One hundred and twenty-five million people around the world suffer from serious health problems that stem from industrial pollution -- a public health crisis on par with malaria or tuberculosis (TB) -- according to a report released this week by the Blacksmith Institute.
The report documents sickness in 49 low and middle income countries with large industrial sectors, including toxin heavy mining sites, tanneries, chemical factories and toxic waste processing sites, and traces the most common industrial pollutants – lead, mercury, chromium, radionuclides and pesticides – in the air, water and soil of the, so called, developing countries.
Those most often sickened by the pollution are children.
The report, while revealing unprecedented amounts of pollution induced sickness, is still an "extremely conservative estimate" according to the report.
"We've investigated 2,600 toxic sites in the last four years, [but] we know there are far more," said Bret Ericson of the Blacksmith Institute.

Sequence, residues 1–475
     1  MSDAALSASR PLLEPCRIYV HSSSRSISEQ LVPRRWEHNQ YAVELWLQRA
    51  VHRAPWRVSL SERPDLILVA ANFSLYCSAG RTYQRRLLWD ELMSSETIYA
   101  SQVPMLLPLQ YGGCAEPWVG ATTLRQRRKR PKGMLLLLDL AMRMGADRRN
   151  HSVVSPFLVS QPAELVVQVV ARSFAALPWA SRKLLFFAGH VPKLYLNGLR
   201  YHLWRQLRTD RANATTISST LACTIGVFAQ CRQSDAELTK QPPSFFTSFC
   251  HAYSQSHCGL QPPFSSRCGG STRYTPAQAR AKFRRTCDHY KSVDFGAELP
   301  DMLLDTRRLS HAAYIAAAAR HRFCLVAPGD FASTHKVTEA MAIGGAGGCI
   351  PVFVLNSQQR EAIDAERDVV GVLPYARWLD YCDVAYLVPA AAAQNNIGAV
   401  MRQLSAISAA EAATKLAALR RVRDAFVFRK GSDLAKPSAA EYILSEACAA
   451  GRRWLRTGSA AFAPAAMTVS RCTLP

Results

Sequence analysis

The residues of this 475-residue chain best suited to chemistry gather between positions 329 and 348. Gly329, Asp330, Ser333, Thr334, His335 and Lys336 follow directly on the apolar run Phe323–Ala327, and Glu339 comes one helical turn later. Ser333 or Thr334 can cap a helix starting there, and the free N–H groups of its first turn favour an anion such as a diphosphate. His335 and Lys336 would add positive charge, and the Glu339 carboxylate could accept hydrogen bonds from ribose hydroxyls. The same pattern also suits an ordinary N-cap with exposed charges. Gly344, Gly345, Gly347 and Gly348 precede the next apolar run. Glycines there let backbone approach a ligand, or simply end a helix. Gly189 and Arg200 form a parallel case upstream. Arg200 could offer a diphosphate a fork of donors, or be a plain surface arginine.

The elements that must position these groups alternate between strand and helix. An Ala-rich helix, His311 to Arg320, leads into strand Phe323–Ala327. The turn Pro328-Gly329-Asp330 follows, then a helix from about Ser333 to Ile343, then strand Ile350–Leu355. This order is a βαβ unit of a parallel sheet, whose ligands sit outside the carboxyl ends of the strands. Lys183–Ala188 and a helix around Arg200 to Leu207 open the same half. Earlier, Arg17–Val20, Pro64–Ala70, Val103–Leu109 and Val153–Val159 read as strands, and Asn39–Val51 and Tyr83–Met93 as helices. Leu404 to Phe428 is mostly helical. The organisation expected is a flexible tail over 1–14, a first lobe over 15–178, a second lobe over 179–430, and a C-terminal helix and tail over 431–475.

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According to the study, The World's Worst Pollution Problems (pdf), such toxic sites within the countries documented are commonly within a close vicinity to residential areas, a leading factor in the alarming numbers.
"We see a lot of disease when we go into these communities," said Ericson. "But we were surprised the health burden was so high – as much as malaria."
Stephan Robinson, of partner institution Green Cross Switzerland, clarified that a leading factor in the rise of dangerous and unregulated toxic sites in these countries is industrial globalization, especially international mining and resource extraction, and global consumer demand.
"Much of this industrial activity is to serve our needs in the developed world," said Robinson.
"Life-threatening pollution will likely increase as the global economy exerts an ever-increasing pressure on industry to meet growing demands. The damage will be greatest in many low and middle-income countries, where industrial pollution prevention regulations and measures have not kept pace," stated Richard Fuller, President, Blacksmith Institute.